Over the months, we have acquired many new skills we never possessed before mostly through trial and error. The routines we have adopted as a family have made the difference between our household being chaotic or running smoothly. Our daily schedule not only revolves around Grandpa’s needs and energy level, but my older son and daughter’s as well. They are the ones who usually get Dad up in the morning and put him to bed at night, so everyone has to be in agreement and try to keep to the schedule as much as possible. Seniors thrive on routine and so do caregivers.
Even though schedules are important, it is also important to be flexible and enjoy one another, too. If everyone is running late, try to not rush your parent just to stay on schedule. Grandpa loves social interaction more toward evening, and he gets just as excited about eating dessert or watching a movie as a child would. He doesn’t want to miss out on anything, and it’s important for him to know that we enjoy having him around and are willing to bend the rules once in awhile just to have some family fun.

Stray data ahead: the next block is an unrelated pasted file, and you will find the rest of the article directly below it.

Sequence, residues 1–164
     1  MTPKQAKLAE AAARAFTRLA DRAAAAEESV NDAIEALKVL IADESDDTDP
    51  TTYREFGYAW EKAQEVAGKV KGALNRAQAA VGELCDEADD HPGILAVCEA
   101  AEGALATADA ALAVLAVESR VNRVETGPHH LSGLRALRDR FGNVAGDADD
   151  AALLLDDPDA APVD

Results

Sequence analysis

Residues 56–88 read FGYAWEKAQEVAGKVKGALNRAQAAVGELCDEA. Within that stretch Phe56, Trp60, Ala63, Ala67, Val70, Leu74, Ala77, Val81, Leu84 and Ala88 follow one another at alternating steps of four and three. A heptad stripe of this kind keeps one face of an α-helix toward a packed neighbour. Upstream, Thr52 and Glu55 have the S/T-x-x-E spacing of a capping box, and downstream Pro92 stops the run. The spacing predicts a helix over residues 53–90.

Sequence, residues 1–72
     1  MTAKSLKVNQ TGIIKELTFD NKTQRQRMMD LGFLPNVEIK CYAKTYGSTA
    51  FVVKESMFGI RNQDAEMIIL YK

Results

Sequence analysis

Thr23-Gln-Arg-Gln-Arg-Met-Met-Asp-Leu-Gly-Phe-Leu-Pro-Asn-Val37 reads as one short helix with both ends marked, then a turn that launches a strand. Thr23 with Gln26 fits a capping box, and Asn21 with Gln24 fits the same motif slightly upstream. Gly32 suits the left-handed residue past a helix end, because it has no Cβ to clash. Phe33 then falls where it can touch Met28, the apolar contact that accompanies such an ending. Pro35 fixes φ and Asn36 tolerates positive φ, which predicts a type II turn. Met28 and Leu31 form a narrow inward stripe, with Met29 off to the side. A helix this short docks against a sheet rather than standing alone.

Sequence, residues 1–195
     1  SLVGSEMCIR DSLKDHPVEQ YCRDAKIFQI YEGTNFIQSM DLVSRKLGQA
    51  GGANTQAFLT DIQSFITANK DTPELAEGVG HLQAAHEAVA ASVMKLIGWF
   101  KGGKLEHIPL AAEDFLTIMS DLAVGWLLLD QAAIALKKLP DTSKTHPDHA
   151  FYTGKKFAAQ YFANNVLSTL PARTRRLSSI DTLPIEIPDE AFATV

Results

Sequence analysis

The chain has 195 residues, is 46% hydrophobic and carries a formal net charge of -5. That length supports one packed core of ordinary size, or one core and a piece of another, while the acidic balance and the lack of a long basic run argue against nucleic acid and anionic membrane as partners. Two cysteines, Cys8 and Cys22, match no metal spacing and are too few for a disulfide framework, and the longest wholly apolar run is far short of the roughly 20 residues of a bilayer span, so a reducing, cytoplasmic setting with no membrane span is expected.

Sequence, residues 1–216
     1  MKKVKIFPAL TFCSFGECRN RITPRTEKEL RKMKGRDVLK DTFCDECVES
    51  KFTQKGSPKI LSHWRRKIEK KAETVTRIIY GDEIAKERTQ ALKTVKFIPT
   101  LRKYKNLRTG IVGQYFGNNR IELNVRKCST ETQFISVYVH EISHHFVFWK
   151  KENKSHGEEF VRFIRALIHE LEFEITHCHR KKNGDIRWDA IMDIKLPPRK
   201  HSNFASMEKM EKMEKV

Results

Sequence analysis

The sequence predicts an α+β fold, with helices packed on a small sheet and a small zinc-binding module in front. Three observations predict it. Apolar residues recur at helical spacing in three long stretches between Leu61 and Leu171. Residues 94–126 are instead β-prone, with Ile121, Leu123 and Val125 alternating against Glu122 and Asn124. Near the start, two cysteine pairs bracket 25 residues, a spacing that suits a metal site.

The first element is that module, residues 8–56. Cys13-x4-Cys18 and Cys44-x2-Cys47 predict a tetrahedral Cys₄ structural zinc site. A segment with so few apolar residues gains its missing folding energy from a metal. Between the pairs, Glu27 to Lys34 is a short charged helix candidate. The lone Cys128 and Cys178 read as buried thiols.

Grandpa loves when I stop in his room to say goodnight. Sometimes we pray together or sing a hymn. He often tells me what he wants to accomplish on his book the next day. Bringing closure to the day, and saying I love you, makes him feel safe and secure, and that’s what it’s all about.
When we first started taking care of Grandpa, my older daughter was a little more exacting about bed time. We all were all pretty much in shell shock and became fatigued easily at that time. Imagine going from your flexible routine as a family with older children (11 and up), to having a newborn 160 pound baby in the house. We were pretty exhausted and just needed Grandpa to stick to the schedule.
If there is one thing I’ve learned over the last three years, we don’t have to do it like the nursing home does it. We can be flexible – within reason. You just have to be careful. If you give Grandpa and inch, he’ll take a mile – and then some!